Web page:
We have recently developed a new simulator for firefighting training, the ‘K-Sim Safety’ apart from the ‘K-Sim Navigation’ which is the navigation simulator, ‘K-Sim Cargo’ and K-Sim Engine. Lately, we created the entire engine room visually. There have been so many requirements for crew and engine room resource management that we thought there is need to create fire training of different scenarios related to emergency response training and extinguishing a fire onboard.
Being a Chief Engineer myself, when I had to renew my license, I went on a training course since I hadn’t been to sea for five years. To my surprise, the training was exactly the same as it was in 1998 when I took my first firefighting training; which means that the communication was done in a classroom, with paper, radios and a fire control plan. Actually, during the training, crew went in separate rooms where the teacher was drilling them what to say and then they made an assessment of the management team to see how they had communicated.
Since today, I have been working for 11 years with simulators. When we did a survey 2 years ago on what type of products can be utilized for firefighting training, we figured out that although there were some products, there was need for developing one on emergency response and communication.
The result is the launch of K-Sim Safety, which is based on a tanker and where we are actually simulating the whole engine room and accommodation area; the idea is that you can put fire, avatars and missing persons to familiarize the entire ship and you can maneuver around in the simulator to see and communicate the correct actions to the team on the bridge or in the safety command center that the instructor won’t assess.
Afterwards, we looked at STCW to figure out what does it say on this advanced firefighting training. It says that you shall be able to control fires, be able to communicate and organize fire parties and it also says in the exercise what type of method for competence shall be used. Namely, it says that it should be in a ship-realistic and simulated environment. Thus, being in a classroom, as I experienced it recently, I must say that I don’t think that it’s a ship-realistic environment. However, it is approved by the authorities.
The K-Sim Safety simulation product can be configured to be utilized in multiple rooms. I will typically be divided in a bridge, fire station one and two, having two fire teams. The idea is that when you launch the alarm in the simulator, the fire team 1 muster on the fire station 1, while the fire team 2 muster on fire station 2; the management team is on the bridge or the safety command centre on board. The instructor is in charge of the exercise and he can put a missing person in cabin and a fire in the same area, for example. When the trainees enter fire station 1, they open a virtual world utilizing an Xbox controller, on the screen. Being in the fire station, you dress the firefighter, put the bottles on the smoke diver and finally you have to report the correct actions to the bridge which is part of the STCW. This is the same as you do in real life onboard.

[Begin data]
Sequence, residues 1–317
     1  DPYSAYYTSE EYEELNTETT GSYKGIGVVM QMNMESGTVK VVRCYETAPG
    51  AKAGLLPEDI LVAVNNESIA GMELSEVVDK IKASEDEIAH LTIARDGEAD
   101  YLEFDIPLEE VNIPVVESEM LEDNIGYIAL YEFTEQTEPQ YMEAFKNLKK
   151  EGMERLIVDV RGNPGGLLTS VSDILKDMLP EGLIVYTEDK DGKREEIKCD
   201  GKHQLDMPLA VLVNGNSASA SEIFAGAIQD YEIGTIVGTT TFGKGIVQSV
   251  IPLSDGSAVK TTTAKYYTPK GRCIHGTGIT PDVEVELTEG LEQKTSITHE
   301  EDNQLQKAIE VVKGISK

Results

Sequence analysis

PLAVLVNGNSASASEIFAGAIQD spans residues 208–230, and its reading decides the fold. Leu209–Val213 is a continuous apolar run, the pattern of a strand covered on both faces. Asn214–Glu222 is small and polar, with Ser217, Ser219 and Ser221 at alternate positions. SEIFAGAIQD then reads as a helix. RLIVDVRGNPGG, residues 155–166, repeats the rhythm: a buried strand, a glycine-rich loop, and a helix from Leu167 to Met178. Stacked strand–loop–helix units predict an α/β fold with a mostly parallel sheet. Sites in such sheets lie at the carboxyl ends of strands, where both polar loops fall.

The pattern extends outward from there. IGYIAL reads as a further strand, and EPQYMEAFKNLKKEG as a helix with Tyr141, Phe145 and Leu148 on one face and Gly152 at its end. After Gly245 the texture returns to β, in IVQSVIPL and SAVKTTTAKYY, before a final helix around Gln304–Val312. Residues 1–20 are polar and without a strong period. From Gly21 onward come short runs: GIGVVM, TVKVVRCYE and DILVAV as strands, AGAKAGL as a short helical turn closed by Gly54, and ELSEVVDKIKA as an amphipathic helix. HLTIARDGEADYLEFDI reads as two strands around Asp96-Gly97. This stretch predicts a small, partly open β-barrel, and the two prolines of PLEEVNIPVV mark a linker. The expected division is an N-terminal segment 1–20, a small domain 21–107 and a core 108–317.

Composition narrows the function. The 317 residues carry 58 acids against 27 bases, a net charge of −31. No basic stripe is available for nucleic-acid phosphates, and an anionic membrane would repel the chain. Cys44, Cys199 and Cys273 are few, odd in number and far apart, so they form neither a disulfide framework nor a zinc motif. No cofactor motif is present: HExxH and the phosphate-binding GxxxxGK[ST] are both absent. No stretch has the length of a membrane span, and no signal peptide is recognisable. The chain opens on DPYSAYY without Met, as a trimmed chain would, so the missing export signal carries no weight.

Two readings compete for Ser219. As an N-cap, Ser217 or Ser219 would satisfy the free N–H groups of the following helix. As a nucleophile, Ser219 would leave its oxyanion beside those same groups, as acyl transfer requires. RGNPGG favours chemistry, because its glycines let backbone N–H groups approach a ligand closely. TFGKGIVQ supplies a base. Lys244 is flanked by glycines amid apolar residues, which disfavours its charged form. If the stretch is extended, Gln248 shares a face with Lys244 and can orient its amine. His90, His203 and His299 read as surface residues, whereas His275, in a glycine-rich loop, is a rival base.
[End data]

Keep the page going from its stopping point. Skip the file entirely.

To my experience, being a marine engineer and safety officer onboard a ship, the failure often starts with bad communication. Often, I’ve been on the fire station and the manager communicates to the bridge that we are manned and ready. However, nobody has put on any equipment and we’re missing a person in the team. Of course, after a while everyone shows up and the situation is investigated and generally normal again, but this type of training is important and required onboard and, on the training centre. Only when you use a simulator, you can see all actions and the instructor is fully in charge.
However, when we discussed creating the simulator solution, there was also an idea that in the exercise, the fire team would have to split. In the exercise there are a manager, an assistant and two smoke divers. They go by the order of the bridge that there is fire on deck 2. At one stage the firefighters are by themselves. They are leaving their manager in order to find the fire. So, they communicate with the team leader and the team leader is communicating with the bridge. That’s why the training solution has two rooms.
When they enter the fire, the team leader stays in a safe area and the fire team enters the toxic area with their masks on. Then, they assess the communication between fire team 1, team leader and the bridge. They assess the communication with the other fire team, also, so you can do it all in the same scenario.
We did build the entire ship with the engine room, all the decks and the instructor has a map of the entire ship and he/she can select where shall it burn, how much smoke shall it be, where’s the missing person.
In other words, such simulators are proved to be useful tools for making the firefighting training more realistic and easier to assess and putting these scenarios up in a short-based station, instead of doing this onboard or just in a classroom.
Above text is an edited version of Leif Pentti Halvorsen’s presentation during the 2019 SAFETY4SEA London Conference.
View his presentation here:
The views presented hereabove are only those of the author and not necessarily those of SAFETY4SEA and are for information sharing and discussion purposes only.
Leif Pentti Halvorsen, VP Product, Kongsberg Digital
Leif Pentti Halvorsen is an experienced Product Manager with a demonstrated history of working in the information technology, maritime simulation and cruise industry. He is also skilled in Maritime Training, Navy, Inspection, Safety Management Systems, Sales and Marine Engineering, and is holder of a valid Chief Engineer licence. He has 10 years’ service as Marine Engineer.